Britain's first astronaut was Army helicopter pilot in Northern Ireland
Britain's first official astronaut, Tim Peake, is a former platoon commander and helicopter pilot who served in Northern Ireland, it has emerged.
Major Peake is currently in Kazakhstan counting down the days to his historic journey to the International Space Station (ISS) on December 15.
The run-up to the launch is being spent setting up experiments, having medical check-ups and physical training, and reviewing flight plans.
During this time Major Peake (43) and his two crew companions will minimise contact with others to avoid falling ill and bringing bacteria or viruses onto the space station.
He and Russian crew commander Yuri Malenchenko and American Nasa astronaut Tim Kopra will spend almost six months aboard the ISS, which orbits the Earth at an average altitude of 220 miles.
Major Peake is the first Briton to be employed as a professional astronaut by the European Space Agency (Esa).
Previous "British" astronauts have had US citizenship and worked for Nasa, or been privately funded or sponsored.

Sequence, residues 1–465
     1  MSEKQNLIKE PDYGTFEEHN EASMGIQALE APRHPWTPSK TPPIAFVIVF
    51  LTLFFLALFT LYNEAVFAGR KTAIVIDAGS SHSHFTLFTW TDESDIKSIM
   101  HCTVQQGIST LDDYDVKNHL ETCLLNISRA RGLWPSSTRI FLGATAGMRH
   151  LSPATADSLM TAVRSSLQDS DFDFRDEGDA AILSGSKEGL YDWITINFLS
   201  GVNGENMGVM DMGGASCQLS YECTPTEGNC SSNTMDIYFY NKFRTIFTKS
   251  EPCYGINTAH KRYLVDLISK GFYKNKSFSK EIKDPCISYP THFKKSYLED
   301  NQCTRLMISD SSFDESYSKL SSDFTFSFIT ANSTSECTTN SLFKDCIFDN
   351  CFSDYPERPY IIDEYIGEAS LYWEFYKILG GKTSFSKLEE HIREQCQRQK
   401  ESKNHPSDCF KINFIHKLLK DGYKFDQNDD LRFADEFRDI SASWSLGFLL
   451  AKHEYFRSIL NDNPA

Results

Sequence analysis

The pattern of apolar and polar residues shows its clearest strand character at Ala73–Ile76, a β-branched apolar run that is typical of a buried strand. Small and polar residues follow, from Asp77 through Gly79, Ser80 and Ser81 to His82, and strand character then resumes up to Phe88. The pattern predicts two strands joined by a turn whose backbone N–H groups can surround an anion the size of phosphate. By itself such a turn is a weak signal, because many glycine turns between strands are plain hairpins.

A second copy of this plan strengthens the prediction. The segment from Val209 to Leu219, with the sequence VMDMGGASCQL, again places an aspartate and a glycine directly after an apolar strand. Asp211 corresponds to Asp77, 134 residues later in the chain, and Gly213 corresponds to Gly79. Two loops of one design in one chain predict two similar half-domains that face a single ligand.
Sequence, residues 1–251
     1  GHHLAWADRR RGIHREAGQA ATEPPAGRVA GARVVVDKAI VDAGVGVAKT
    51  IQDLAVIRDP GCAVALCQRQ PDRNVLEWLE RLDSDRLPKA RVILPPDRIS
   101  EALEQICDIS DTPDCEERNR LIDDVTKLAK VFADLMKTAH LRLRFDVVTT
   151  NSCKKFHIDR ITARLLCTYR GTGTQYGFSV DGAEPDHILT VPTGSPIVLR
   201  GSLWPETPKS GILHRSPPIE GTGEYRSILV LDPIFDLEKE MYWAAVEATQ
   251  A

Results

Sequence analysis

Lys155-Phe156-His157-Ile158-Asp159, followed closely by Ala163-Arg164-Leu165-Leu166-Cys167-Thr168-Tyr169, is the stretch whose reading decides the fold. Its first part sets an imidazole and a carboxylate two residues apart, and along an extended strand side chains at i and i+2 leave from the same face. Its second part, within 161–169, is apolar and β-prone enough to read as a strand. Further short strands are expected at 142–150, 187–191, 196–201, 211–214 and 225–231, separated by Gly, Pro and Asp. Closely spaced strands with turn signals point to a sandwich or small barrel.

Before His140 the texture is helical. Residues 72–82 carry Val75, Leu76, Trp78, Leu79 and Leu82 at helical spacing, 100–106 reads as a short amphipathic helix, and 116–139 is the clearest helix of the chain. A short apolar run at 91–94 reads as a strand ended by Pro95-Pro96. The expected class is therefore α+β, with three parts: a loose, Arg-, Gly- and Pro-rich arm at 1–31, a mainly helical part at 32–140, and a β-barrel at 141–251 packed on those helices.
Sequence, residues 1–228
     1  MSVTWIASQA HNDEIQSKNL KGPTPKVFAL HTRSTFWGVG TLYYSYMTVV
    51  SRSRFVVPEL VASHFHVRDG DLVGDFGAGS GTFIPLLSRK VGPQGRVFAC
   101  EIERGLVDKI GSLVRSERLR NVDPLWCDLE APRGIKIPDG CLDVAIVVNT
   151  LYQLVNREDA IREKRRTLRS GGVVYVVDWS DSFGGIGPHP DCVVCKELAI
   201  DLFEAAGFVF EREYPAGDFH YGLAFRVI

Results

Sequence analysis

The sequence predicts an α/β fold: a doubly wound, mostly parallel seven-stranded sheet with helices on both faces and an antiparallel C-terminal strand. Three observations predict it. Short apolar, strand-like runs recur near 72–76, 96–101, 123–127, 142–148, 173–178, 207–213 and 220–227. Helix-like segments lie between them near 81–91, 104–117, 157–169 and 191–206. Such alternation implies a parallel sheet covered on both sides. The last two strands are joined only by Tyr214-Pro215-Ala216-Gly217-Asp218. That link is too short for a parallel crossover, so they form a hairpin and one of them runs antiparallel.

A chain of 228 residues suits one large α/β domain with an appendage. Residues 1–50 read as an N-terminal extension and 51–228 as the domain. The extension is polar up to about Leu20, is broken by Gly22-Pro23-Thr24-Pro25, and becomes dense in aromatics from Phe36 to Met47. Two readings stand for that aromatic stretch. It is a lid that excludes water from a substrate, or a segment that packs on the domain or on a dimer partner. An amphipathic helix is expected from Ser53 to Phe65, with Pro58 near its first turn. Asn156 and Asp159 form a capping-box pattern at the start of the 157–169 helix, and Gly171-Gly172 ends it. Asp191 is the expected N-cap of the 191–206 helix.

Major Peake graduated in 1992 aged 20 from the Royal Military Academy Sandhurst as an officer in the Army Air Corps.
He was on attachment with the Royal Green Jackets as a platoon commander in Northern Ireland.
He was awarded his Army Flying Wings in 1994 and for the next four years served as a reconnaissance pilot and flight commander.
His postings also included Germany, the Former Republic of Yugoslavia, Kenya and Canada.
In just over a week a Soyuz FG rocket will blast Major Peake and his fellow travellers into orbit in under 10 minutes.
But it will take six hours for them to catch up with the space station, hurtling through space at 17,500 mph.
For the launch the crew will be squeezed into the tiny seven-foot-long "descent module".
Once in space they will move to the "orbital module" which attaches to the ISS.
Major Peake's mission, named Principia after Sir Isaac Newton's text on the laws of gravity and motion, will see him conduct around 30 experiments with an emphasis on education and outreach.
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